Usually when a company claims that their video game console is practically a supercomputer in itself those of us with half a brain just write it off as so much marketing hyperbole, but in the case of Sony’s PS3 it’s kind of true:
As the architect of this research, Dr. Gaurav Khanna is employing his so-called “gravity grid” of PS3s to help measure these theoretical gravity waves—ripples in space-time that travel at the speed of light—that Einstein’s Theory of Relativity predicted would emerge when such an event takes place.
It turns out that the PS3 is ideal for doing precisely the kind of heavy computational lifting Khanna requires for his project, and the fact that it’s a relatively open platform makes programming scientific applications feasible.
“The interest in the PS3 really was for two main reasons,” explains Khanna, an assistant professor at the University of Massachusetts, Dartmouth who specializes in computational astrophysics. “One of those is that Sony did this remarkable thing of making the PS3 an open platform, so you can in fact run Linux on it and it doesn’t control what you do.”
He also says that the console’s Cell processor, co-developed by Sony, IBM and Toshiba, can deliver massive amounts of power, comparable even to that of a supercomputer—if you know how to optimize code and have a few extra consoles lying around that you can string together.
“The PS3/Linux combination offers a very attractive cost-performance solution whether the PS3s are distributed (like Sony and Stanford’s Folding@home initiative) or clustered together (like Khanna’s), says Sony’s senior development manager of research and development, Noam Rimon.
In the past the good doctor has had to rely on grants from the NSF to purchase time on supercomputers at upwards of $5,000 per program session. In comparison buying eight 60GB PS3s is just a $3,200 investment except he didn’t think the NSF would give a grant to buy a bunch of game consoles. So he did a little work on his code and showed it to Sony and talked them into donating the PS3s he needed which is probably a great marketing move on Sony’s part.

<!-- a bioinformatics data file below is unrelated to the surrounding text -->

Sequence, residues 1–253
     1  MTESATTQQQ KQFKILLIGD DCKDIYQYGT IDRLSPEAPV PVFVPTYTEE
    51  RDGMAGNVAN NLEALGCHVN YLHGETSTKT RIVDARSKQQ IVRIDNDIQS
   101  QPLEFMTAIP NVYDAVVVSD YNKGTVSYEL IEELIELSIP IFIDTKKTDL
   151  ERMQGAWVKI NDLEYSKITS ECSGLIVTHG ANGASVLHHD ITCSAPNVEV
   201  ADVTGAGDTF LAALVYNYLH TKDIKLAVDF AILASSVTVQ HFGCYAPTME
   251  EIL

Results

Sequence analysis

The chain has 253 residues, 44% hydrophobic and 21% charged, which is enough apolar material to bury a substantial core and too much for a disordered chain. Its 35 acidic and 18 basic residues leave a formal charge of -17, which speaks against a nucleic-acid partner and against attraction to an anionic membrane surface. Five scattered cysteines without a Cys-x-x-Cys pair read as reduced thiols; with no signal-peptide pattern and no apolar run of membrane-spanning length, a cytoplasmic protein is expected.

“Once I was able to get to the point that I had this kind of performance from a single PS3, I think that’s when Sony started paying attention,” Khanna says of his optimized code.
Khanna says that his gravity grid has been up and running for a little over a month now and that, crudely speaking, his eight consoles are equal to about 200 of the supercomputing nodes he used to rely on.
“Basically, it’s almost like a replacement,” he says. “I don’t have to use that supercomputer anymore, which is a good thing.”
“For the same amount of money—well, I didn’t pay for it, but even if you look into the amount of funding that would go into buying something like eight PS3s—for the same amount of money I can do these runs indefinitely.”
I wonder how long it’ll be before Sony starts packing up what amounts to a standard PS3 in a less flashy case to offer to research scientists looking for a low-cost high-performance computing solution. It may be that even if the PS3 isn’t on top of the video game sales charts this generation that Sony could still make a tidy profit off of it if they play their cards right.